1. Contracted PM vs. Client PM - I was acting like the Client's PM, pushing for decisions and trying to maintain the project schedule and budget. Sometimes this means being direct to get work to move forward. This created a potential issue of "who's in charge" as well as potential difficulty interacting with the client's team and upper management. 

Don't confuse this. A Project Manager is hired to get a project done on schedule, on budget, and in scope. This means that you aren't always going to be popular and / or liked. But, there is a difference between how a contracted PM working on a client site should work vs. how a PM hired by the client should work. 

This is a bigger issue when there is a Client Project Team with a Project Manager alongside your team, rather than just a set of end users supporting your team's implementation. If there was no client side PM team, but only a client project sponsor, then my actions probably would have been appropriate (depending on the political environment, as defined in item 2), provided I kept the sponsor in the loop. 

2. Loud vs. Quite People - When I first arrived on the project there was a difficult character who no one seemed to get along with. He was the head programmer on the client side and everyone agreed if there was going to be a problem with integration of the teams, it would be him. Can you guess where I focused? 

Unfortunately, he wasn't really a problem. He was just confrontational and interested in getting things right. He lacked people skills but wasn't really a difficulty once you realized you could push back (intelligently) and he would actually appreciate it because it meant that things were being considered / discussed.

The person I should have been watching out for was Ann. She was a quiet woman who felt she needed to be the smartest person on the team and didn't take well to people questioning her decisions / actions. She also was personally placed on the team by the CFO and had direct access to him with or without the client PM's (Beth's) knowledge of the interactions. 

When I work with a team, I typically circle around with everyone to ask how things are going, what they are working on, and if they need anything. If I am confused (which can happen in a highly technical deployment) I ask questions for clarification. What I hadn't realized is that by performing these actions, I was making Ann uncomfortable. She thought I was questioning her abilities and her decision-making process.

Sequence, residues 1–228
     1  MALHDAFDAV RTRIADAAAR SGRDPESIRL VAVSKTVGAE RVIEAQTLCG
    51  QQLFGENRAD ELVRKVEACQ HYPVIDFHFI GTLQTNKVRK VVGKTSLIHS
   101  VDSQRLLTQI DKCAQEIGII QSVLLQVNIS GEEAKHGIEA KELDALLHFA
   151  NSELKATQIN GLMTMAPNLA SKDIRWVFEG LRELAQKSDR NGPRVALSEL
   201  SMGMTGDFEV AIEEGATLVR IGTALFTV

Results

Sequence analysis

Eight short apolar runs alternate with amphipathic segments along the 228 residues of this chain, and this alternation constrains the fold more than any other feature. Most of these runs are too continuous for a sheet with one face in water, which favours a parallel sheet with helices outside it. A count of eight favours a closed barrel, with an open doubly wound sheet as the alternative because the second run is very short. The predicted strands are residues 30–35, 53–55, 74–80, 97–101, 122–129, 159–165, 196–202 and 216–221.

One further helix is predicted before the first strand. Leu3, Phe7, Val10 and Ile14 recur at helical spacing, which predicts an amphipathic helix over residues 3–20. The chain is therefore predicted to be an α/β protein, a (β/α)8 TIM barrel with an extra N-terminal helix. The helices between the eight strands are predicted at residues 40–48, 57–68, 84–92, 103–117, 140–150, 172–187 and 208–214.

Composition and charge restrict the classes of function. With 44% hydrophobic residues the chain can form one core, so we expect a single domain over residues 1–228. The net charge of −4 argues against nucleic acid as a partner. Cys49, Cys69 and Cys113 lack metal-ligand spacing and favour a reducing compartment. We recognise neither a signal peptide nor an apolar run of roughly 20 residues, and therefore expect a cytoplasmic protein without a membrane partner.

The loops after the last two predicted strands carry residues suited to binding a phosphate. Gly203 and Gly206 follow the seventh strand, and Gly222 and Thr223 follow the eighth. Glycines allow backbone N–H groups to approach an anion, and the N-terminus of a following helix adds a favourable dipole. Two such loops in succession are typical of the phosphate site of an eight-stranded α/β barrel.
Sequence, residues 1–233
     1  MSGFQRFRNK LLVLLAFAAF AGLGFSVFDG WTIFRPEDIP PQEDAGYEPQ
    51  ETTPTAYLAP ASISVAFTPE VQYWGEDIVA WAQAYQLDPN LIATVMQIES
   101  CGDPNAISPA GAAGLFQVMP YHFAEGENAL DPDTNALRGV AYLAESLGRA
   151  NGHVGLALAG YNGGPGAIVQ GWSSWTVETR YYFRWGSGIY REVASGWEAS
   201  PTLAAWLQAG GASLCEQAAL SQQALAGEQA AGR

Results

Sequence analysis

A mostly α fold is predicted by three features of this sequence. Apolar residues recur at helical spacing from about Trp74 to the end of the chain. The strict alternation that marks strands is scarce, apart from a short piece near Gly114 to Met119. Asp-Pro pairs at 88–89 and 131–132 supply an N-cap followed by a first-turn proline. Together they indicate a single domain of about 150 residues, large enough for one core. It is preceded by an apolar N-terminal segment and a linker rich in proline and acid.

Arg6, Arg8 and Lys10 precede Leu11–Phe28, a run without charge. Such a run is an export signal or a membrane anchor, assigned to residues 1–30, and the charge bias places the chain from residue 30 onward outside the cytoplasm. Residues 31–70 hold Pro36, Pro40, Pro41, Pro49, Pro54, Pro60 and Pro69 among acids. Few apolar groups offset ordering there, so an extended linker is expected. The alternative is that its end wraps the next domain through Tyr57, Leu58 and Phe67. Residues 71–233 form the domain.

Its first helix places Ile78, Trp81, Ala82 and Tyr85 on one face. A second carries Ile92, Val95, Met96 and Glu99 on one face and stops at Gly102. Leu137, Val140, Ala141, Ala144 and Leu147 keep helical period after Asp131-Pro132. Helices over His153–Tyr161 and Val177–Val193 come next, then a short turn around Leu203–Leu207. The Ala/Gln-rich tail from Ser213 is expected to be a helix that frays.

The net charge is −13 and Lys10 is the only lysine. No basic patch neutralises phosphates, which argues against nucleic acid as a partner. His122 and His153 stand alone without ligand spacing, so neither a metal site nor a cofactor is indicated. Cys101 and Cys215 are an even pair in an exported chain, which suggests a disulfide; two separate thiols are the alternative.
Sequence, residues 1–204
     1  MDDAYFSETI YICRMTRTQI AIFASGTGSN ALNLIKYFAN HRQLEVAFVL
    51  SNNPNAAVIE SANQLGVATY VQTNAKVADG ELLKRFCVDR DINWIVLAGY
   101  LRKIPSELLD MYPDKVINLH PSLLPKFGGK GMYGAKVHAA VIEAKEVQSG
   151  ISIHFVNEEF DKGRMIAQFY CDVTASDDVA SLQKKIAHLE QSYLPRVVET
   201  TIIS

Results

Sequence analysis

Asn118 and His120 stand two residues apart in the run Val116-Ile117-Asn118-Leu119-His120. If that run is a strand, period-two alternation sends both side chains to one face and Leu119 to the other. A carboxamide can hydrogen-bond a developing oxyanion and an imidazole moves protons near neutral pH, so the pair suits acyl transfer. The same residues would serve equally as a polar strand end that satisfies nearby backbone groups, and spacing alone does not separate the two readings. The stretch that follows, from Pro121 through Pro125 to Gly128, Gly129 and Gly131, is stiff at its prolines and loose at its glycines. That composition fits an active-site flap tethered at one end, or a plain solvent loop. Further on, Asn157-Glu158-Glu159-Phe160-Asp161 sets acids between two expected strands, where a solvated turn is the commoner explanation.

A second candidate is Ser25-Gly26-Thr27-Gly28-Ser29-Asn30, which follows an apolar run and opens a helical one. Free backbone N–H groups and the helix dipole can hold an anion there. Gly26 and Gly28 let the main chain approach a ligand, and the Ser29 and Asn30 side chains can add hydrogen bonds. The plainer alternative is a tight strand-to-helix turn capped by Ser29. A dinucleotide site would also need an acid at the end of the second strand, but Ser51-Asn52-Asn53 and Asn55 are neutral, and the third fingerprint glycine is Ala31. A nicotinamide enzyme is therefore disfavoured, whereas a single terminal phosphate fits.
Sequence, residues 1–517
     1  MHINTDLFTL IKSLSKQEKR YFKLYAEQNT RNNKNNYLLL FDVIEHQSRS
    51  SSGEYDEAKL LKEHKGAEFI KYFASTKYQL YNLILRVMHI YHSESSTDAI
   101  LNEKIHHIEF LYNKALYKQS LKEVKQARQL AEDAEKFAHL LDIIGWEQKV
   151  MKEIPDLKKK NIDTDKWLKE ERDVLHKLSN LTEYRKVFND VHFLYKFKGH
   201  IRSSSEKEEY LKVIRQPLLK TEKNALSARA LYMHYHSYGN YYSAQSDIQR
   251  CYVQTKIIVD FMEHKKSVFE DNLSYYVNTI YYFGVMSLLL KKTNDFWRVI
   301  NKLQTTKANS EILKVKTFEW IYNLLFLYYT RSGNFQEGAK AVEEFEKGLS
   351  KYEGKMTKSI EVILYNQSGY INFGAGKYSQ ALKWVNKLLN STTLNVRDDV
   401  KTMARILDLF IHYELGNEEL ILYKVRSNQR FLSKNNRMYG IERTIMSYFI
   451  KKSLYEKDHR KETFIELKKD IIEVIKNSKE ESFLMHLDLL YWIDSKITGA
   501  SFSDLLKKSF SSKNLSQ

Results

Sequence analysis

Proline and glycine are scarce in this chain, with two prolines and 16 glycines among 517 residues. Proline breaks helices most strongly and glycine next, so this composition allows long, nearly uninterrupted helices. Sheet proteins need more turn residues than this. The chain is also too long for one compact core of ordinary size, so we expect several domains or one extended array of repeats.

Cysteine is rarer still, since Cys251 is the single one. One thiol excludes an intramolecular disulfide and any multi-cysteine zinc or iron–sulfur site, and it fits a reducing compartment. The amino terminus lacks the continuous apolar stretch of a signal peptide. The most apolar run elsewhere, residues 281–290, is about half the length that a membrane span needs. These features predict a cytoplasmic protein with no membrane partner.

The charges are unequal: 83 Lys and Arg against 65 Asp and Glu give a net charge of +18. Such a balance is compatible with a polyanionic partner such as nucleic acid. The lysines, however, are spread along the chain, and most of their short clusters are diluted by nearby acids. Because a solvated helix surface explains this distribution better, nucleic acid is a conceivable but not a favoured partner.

The meeting above must have been the final straw, as I later learned that she had gone to the CFO and said I was creating confrontation within the team. In reality, I was making her uncomfortable and she didn't like it. 

Lessons Learned from this experience:

1. When you are not the primary PM, then you need to behave more like an Assistant PM. Identify issues and provide solutions through the client PM, rather than addressing them directly. Although the Client PM and I had a strong relationship, and I always worked toward her goals, it could easily be seen as a power struggle from within the team or by the end-users, and that is something to be avoided. 

2. Don't just look for the obvious problem. I was concentrating on the loud, outspoken team member but didn't see the political issue lurking in the background. If I had done what I typically do: try to have initial one on one conversations with each member of the team (client and contractor side) outside the work environment to foster stronger relationships and establish expectations, then maybe Ann wouldn't have felt as threatened.

Overall, I feel both of these lessons are the reason I was removed from the project by the client. I hope that you can learn from my missteps, and not fall into the same trap.

Now the question is, should this be a Morey's Law? Or two? And what should I name them?

1 comment: